NFL Senior VP/PR Greg Aiello yesterday argued with a report last week by ESPN that indicated that the NFLPA "had taken a compromise position on the revenue split issue before talks were cut off last week," according to Hank Gola of the N.Y. DAILY NEWS. Aiello in a post on the NFL's labor website wrote, "Saying they want 50% of this new revenue base, is the same thing as saying they want 60% of the existing revenue base. It is a status quo deal." Aiello: "Any interpretation that this was a new proposal and a move toward the clubs is not accurate. This was an offer to keep things where they are, to simply extend the status quo. It is consistent with what the union has been saying for two years -- just keep the current deal in place. As (NFLPA president) Kevin Mawae has acknowledged, the players got a great deal in 2006." Gola writes Aiello's comments continue to "illustrate how little the sides agree" (N.Y. DAILY NEWS, 2/17). In St. Petersburg, Rick Stroud reports the NFLPA "held a conference call with union reps of all 32 teams Tuesday to revisit the possibility of decertifying in the event of a lockout" when the CBA expires March 4. Buccaneers C and player rep Jeff Faine said decertifying is "our last resort," but is "an action we will take." Faine: "There's a sense we're all still on board and want to do that." Faine "describes himself as a 'hopeless optimist'" in regard to the negotiations, but he "fears that NFL owners do not view March 4 as a hard deadline, particularly since players don't get paid their salaries until the regular season." Meanwhile, Faine said that "not only will the owners proposal of an 18-game regular season shorten players' careers, they'll earn less money for more work." Faine: "I still feel like it's a bargaining chip. If it is, I'm sure that's something we may go to. If it's something they're stuck on, I think it's a terrible idea. There's nothing good in it, except for the owners" (ST. PETERSBURG TIMES, 2/17).
Bucs' Faine says decertification
is a "last resort"
IMPACT ON TEAMS: The Raiders yesterday signed DT Richard Seymour to a two-year deal worth $30M, but National Football Post President Andrew Brandt said more teams are not signing players to extensions because they are "sort of taking shelter in the fact that it's so uncertain." Brandt: "We don't know if there's going to be a cap. We don't know what the cap's going to be. We don't know what the rules are going to be. We don't know how many years towards free agency. That seems to be holding it up. Also, the rules of the uncapped year are still in place" ("NFL Live," ESPN, 2/16). Meanwhile, Eagles President Joe Banner said of the ramifications of a potential lockout, "There's opportunities in all challenges, so whether that's personnel opportunities, because there's a shorter window, so maybe a team that has better preparation in terms of evaluating the players, maybe a team that has multiple people capable of negotiating difficult contracts at the same time, when most teams only have one, maybe the fact that we will have more flexibility probably than most teams from a cap perspective (will be a plus) -- so we're trying to look at it as an opportunity." In Philadelphia, Les Bowen notes there is a "possibility of organizational layoffs during the anticipated lockout." But Banner said, "There will be an extended period where everybody here will be paid" (PHILADELPHIA DAILY NEWS, 2/17).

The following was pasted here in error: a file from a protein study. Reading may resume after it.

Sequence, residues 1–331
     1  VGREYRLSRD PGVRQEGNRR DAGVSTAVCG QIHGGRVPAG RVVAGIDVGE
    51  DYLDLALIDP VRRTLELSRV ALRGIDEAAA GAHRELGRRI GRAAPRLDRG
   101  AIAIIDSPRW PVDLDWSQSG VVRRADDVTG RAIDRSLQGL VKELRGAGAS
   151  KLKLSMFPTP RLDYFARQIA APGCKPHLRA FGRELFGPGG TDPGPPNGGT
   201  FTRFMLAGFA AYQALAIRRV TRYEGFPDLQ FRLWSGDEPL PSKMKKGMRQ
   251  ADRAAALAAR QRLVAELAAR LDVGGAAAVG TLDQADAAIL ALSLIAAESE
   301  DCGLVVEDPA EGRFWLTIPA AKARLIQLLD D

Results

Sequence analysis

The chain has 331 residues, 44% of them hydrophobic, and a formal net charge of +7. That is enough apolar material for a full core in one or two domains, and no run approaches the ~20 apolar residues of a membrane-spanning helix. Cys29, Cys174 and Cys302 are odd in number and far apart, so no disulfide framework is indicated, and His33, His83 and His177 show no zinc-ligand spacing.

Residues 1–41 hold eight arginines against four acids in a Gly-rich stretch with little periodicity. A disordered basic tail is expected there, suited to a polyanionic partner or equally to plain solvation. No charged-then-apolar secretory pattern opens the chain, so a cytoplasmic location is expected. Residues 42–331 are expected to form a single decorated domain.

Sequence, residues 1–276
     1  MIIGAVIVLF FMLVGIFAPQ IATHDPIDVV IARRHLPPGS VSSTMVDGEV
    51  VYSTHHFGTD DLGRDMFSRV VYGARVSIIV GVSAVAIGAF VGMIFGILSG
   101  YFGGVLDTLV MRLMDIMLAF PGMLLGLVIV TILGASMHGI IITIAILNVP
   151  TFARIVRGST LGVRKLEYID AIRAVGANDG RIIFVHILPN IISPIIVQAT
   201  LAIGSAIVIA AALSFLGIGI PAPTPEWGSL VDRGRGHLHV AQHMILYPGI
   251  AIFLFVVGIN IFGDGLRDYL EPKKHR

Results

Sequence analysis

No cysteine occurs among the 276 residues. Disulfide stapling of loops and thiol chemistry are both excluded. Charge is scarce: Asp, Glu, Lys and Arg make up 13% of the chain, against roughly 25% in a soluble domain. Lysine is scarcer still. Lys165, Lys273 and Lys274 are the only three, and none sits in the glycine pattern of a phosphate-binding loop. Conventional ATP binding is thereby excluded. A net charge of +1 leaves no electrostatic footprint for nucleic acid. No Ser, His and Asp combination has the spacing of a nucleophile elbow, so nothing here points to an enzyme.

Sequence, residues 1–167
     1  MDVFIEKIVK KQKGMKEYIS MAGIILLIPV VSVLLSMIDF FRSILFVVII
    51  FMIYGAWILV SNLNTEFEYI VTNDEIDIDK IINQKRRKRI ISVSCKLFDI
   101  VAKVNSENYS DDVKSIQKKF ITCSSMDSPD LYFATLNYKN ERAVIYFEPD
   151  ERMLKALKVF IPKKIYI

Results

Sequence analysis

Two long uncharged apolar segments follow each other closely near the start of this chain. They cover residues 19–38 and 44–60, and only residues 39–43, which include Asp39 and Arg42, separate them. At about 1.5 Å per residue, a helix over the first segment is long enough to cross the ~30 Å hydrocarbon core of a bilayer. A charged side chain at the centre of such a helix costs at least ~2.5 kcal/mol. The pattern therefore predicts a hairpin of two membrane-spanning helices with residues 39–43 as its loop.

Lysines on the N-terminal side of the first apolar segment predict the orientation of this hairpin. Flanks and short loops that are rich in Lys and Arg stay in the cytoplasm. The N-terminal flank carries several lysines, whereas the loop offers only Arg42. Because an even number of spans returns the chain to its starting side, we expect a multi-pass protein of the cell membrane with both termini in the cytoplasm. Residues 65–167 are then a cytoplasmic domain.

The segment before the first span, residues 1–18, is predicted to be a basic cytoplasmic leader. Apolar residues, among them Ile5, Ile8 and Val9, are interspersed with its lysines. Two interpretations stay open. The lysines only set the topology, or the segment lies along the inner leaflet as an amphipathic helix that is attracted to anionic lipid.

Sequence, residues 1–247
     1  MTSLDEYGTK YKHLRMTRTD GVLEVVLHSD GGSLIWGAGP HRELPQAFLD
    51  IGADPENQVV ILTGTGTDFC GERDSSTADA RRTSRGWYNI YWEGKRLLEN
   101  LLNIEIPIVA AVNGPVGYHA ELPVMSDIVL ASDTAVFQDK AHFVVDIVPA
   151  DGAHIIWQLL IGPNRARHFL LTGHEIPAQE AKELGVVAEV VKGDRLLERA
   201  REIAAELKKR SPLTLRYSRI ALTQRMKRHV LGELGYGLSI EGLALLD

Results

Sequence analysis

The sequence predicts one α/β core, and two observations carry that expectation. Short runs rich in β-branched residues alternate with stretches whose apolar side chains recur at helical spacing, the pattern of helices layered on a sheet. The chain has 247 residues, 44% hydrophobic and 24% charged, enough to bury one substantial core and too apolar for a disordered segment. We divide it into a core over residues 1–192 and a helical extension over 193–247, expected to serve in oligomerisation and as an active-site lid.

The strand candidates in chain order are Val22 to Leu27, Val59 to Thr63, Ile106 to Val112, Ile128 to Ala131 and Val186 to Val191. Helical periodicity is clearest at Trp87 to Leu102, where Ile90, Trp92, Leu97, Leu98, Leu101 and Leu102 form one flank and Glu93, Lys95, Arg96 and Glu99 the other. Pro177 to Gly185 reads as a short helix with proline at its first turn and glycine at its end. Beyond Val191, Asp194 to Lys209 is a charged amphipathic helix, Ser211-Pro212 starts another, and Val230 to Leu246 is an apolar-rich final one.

SLOWED GROWTH: The WALL STREET JOURNAL's Matthew Futterman writes the "larger question behind this entire labor fight is a notion that's familiar to investors, but that represents a radical notion in professional sports: the idea that a sports league, like a giant company, must show steady growth over time." Futterman: "And more radically, a slowdown in the rate of growth, even without actual losses, is sufficient grounds to ask labor to make concessions." The NFL "earned a record $9 billion in revenues this season," and it "bears no resemblance to other major U.S. sports leagues that have faced labor Armageddon." Every NFL franchise is, "by most accounts, profitable and competitive." But owners are "about $1 billion short of the growth in real dollars they were projecting the last time labor negotiations came down to the wire" in '06, and "newer forms of business, like digital media, don't show the obvious potential for huge returns." NFL Exec VP/Business Operations Eric Grubman acknowledged that the "loss of public funding for stadiums has forced owners to put up more money for 'capital costs.'" Grubman added that it is "going to be 'difficult' to push ticket prices higher, though he is optimistic that broadcast fees will rise" (WALL STREET JOURNAL, 2/17).